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Auditioning for Musical Theatre
 

Auditioning for Musical Theatre

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    Auditioning for Musical Theatre Auditioning for Musical Theatre Presentation Transcript

    • Auditioning for Musical Theatre Preparation and Performance based on Donald Oliver’s How to Audition for Musical Theatre
    • THE INTERACTIVE ELEMENTS OF AN AUDITION
    • As the production team considers you, the following elements dynamically interplay . . .
    • Your “Look” or “Type”
    • Your Acting Ability
    • Your Voice
    • Your Dance Ability
    • Your Choice Of Material
    • Your Appearance
    • Your Credits and Experience
    • Your Personality
    • and
    • Your Reputation as a Professional
    • PREPARATION Preparation
    • SELECTING THE RIGHT MATERIAL
    • Find a pianist who can help you find, prepare and rehearse your material.
    • Where do you find a pianist?
    • Ask a trusted fellow actor.
    • Try the classifieds in a trade paper.
    • Check the bulletin boards at a rehearsal studio.
    • Ask the staff at a music store for any recommendations.
    • Create an audition binder with a repertoire of songs and monologues
    • Ballad Up-Tune Comedy Song Contemporary Musical Theatre Patter Song Torc h Rock Song
    • Where Do I Find Songs?
    • HMS Pinafore • Pirates of Penzance • The Mikado • Showboat • Porgy and Bess • Oklahoma! • Carousel • South Pacific • The King and I • The Sound of Music • xxxxxxxxxxxxxxxxxxxxxxxxxxxxxxxxxxxxxxx Brigadoon • My Fair Lady xxxxxxxxxxxxxxxxxxxxxxxxxxxxxxxxxxxxxxxxxx • Camelot • Hello Dolly! xxxxxxxxxxxxxxxxxxxxxxxxxxxxxxxxxxxxxxxxxxx • Mame • A Chorus Line • Mame xx xxxxxxxxxxxxxxxxxxxxxxxxxxxx • The Music Man • Cats • hessxxxxxxxxxxxxxxxxxxxxxxxxxxxxxxxxxxxxx • Guys And Dolls • On The TownCats xxxxxxxxxxxxxxxxxxxxxxxxxxxxxx • Wicked • Godspell • La Cage Aux Folles • Evita • Joseph And The Amazing Technicolor Dreamcoat • Jesus Christ Superstar • The Phantom of the Opera • A Funny Thing Happened On The Way To The Forum • Company • Follies • Sweeney Todd • Into The Woods • Assassins • Annie Get Your Gun • Bells Are Ringing • Cabaret • Chicago • Damn Yankees • Fiddler On The Roof • Finian’s Rainbow • Funny Girl • Bye Bye Birdie • Annie • Gypsy • Kismet • Kiss Me Kate • Les Miserables • Man Of La Mancha • Rent • Me And My Girl • The Fantasticks • A Little Night Music • The Pajama Game • West Side Story • Sunday In The Park With George • Ragtime • Spring Awakening • Babes In Arms • Anything As an artist, you should learn all the masterworks of musical theatre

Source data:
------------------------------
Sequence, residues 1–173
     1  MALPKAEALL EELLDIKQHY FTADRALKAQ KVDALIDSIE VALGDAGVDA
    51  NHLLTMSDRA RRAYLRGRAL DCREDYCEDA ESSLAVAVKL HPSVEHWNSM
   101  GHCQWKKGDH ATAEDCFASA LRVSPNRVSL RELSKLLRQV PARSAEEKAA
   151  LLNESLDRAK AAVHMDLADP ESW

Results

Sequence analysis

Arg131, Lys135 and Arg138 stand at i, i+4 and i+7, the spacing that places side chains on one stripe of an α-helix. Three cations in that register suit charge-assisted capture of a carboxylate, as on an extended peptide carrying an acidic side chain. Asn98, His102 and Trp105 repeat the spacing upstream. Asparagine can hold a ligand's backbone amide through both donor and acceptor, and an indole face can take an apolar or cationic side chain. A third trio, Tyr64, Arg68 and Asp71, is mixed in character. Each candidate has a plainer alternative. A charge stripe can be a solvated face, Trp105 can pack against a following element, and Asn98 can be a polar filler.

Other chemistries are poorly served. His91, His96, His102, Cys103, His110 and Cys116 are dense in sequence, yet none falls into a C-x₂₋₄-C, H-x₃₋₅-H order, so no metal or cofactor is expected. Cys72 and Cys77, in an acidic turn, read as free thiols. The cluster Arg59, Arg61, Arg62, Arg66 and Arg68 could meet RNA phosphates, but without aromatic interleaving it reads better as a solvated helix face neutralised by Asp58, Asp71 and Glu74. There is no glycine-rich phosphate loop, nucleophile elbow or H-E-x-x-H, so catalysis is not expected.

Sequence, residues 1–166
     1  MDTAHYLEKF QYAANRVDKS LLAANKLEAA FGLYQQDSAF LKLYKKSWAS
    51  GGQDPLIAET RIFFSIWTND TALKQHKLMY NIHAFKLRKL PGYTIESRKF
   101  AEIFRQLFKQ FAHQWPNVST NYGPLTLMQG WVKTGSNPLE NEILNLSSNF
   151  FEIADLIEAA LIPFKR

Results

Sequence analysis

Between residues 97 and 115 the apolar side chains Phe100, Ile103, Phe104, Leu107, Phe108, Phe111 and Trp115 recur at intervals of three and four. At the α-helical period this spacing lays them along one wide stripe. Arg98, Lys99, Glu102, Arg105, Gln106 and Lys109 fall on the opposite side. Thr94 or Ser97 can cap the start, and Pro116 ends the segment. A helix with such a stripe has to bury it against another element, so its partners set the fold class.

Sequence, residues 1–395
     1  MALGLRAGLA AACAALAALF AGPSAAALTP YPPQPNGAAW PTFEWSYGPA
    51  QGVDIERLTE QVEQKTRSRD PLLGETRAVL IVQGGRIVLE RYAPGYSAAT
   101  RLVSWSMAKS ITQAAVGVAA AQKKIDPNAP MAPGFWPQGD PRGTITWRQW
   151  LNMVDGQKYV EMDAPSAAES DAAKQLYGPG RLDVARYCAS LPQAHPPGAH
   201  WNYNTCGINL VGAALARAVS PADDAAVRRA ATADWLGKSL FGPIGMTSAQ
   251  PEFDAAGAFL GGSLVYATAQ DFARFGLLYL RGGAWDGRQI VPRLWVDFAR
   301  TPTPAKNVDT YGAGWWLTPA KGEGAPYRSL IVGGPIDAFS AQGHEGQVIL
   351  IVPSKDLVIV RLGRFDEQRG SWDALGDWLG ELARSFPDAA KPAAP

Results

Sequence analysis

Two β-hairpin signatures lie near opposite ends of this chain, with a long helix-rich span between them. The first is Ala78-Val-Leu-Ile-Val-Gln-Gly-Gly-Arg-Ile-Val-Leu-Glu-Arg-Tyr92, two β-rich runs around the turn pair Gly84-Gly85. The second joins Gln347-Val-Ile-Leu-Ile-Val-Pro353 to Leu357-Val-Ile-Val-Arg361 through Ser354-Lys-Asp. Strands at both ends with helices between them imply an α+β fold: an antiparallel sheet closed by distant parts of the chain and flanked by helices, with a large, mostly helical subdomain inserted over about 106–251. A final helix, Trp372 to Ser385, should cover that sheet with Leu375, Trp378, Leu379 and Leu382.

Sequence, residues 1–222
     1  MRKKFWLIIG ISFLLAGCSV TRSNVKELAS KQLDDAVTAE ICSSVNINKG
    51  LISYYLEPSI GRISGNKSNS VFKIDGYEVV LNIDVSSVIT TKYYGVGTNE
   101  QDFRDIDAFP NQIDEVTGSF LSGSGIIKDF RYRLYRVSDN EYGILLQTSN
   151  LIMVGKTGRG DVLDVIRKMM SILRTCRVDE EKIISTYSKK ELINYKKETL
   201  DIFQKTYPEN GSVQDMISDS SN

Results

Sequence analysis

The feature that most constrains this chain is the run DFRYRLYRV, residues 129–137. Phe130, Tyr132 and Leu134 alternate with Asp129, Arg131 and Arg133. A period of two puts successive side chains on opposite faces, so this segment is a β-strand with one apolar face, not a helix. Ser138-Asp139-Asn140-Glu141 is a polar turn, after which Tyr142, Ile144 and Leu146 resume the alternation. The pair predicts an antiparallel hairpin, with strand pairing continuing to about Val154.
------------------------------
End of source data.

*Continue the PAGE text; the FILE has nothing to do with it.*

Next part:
• However, carefully note WHAT NOT TO SING.
    • WHAT NOT TO SING Anything extremely well-known. The members of the audition team may love familiar songs—just not in an audition. Familiarity somehow breeds boredom. “Seasons of Love” from Rent
    • WHAT NOT TO SING Overdone songs. Certain songs have been overdone by young auditioners and cause the audition team to roll their eyes. Also, doing a song that others have done causes the audition team to excessively compare you to other performers. “On My Own” from Les Miserables “Corner of the Sky” from Pippin
    • WHAT NOT TO SING Other artists’ “signature” songs The audition team will undoubtedly compare you to the performer known for the song. “Somewhere Over the Rainbow” from The Wizard of Oz
    • WHAT NOT TO SING One-Joke Songs. Once the listener knows the joke or is on to the gimmick, the songs seems dull on repeated hearings. “The Diva’s Lament” from Spamalot
    • WHAT NOT TO SING Too Cheerful or Morally Uplifting. Keep in mind that the audition process can be very exhausting on the audition team. Your song choices can be positive, but avoid syrup.
    • WHAT NOT TO SING Too Depressing Avoid bringing the audition team down. “Everybody Loves You When You’re Asleep” from I’d Rather Be Right.
    • WHAT NOT TO SING Too Boastful Songs of self aggrandizement provoke hostile thoughts in the listener. “I’m the Greatest Star” from Funny Girl
    • WHAT NOT TO SING Too Self-Deprecating While they may be wonderful in the context of their show, songs which portray the singer in a negative light do just that at an audition. “Mr. Cellophane” from Chicago
    • WHAT NOT TO SING Songs intended for the opposite gender Unless done for intentional comic effect!
    • WHAT NOT TO SING Original Material
    • WHAT NOT TO SING Songs written by anyone on the production team. Likewise, avoid songs from a show the director has directed, or songs from the show that you are auditioning for (unless that is requested).
    • WHAT NOT TO SING Songs that are too difficult Remember you may be nervous, and it may effect your technical proficiency.
    • So, where do I find songs?
    • Look to some of the “lesser” musicals. Check out record producer Ben Bagley’s various collections on Painted Smiles Records.
    • How To Prepare Your Music Make sure you acquire full piano accompaniment—no fake book versions or charts.
    • How To Prepare Your Music It is worth it to have music professionally transposed if the published score is not suitable for your voice.